British Schools Will Use Nintendo Games to Teach ‘Life Skills’
Mike Sanders / 2 years ago
I am perhaps showing my age here a little, but when I was at school the closest you got to ‘gaming on a computer’ was then they would wheel in the (one and only) BBC Micro. It was usually situated on a trolly and treated with all the reverence of a holy relic. From there, however, you could access basic ‘educational’ games to teach you various things usually in the form of crude text-based adventures. The school did, incidentally, upgrade to an IBM-2 just as I was leaving.
Yes, schools and computers have often had something of an awkward relationship. In a report via PCGamesN, however, British Schools are reportedly set to start including Nintendo games in classrooms. Specifically, as a means to teach kids ‘life lessons’. This presumably isn’t learning how to cope with a 10 death streak in Call of Duty.
British Schools To Introduce Nintendo Games
Digital Schoolhouse, a government-backed non-profit organisation is going to start working with schools in the UK to introduce Nintendo games to the classroom. They hope to use the medium to teach kids ‘life skills’ and it has, at the very least, been confirmed that ‘Smash Bros. Ultimate’ will be amongst those used.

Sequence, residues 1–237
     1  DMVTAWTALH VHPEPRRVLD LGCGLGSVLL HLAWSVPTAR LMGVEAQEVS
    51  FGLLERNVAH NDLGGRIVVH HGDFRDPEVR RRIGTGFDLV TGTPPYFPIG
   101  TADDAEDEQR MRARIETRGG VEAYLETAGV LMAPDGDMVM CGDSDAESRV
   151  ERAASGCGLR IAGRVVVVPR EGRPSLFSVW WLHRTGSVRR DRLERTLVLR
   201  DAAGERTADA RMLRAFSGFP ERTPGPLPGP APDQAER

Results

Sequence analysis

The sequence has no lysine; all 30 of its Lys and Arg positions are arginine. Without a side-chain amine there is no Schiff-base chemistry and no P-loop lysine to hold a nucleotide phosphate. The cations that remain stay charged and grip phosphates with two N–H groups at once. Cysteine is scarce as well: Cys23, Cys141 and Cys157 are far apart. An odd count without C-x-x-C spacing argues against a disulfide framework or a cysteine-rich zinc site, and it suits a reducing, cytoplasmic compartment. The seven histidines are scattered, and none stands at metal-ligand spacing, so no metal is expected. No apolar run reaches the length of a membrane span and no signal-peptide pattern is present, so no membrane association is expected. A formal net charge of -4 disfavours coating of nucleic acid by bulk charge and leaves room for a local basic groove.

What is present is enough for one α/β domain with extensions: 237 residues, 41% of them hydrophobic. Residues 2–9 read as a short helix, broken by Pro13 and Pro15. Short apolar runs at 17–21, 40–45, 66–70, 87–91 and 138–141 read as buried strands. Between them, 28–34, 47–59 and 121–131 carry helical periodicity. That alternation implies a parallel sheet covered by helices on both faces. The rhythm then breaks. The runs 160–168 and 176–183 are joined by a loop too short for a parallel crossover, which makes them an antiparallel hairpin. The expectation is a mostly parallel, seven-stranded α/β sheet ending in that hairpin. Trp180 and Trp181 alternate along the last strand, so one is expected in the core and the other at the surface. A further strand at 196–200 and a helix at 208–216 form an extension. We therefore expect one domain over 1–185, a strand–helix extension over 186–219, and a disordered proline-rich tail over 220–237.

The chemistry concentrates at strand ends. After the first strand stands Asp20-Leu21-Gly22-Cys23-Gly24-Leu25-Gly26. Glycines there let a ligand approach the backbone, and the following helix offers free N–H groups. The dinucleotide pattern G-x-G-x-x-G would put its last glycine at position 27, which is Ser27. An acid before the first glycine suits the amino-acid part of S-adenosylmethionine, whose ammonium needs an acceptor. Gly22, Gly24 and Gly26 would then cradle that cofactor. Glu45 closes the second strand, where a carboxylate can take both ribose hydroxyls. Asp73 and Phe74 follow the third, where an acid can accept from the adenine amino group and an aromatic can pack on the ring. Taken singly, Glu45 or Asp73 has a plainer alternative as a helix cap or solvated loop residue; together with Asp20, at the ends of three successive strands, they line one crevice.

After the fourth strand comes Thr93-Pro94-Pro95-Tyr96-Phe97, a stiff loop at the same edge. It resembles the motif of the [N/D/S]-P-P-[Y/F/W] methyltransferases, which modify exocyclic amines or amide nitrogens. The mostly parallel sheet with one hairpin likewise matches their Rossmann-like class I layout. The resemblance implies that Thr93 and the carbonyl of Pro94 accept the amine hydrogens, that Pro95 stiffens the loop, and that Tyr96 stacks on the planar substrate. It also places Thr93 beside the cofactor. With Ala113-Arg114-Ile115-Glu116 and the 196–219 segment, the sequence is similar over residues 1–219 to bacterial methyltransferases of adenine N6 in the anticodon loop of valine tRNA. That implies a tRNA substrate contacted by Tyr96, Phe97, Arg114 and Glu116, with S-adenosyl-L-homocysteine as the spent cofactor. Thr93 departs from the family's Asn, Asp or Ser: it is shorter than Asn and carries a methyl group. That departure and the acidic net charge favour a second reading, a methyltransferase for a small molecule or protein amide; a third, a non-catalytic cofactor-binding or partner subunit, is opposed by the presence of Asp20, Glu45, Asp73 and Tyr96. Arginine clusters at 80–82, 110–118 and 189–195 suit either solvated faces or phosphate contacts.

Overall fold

The main key focus, as you might expect, is looking to build teamwork. There is, however, research that suggests that gaming at a young age can help promote brain development and growth.
What Do We Think?
As mad as this might sound, in the right context it could prove to be a very useful tool. The team at Digital Schoolhouse have been working on this project since 2014. As such, they clearly have a lot of experience in using gaming as an effective teaching method.
So, when your kid/s come home from school and you ask them what they learned today, if they reply “how to pwn on Smash Brothers”, don’t accuse them (at least not straight away) of being a liar.
What do you think? What computers did you have at school (if any at all)? – Let us know in the comments!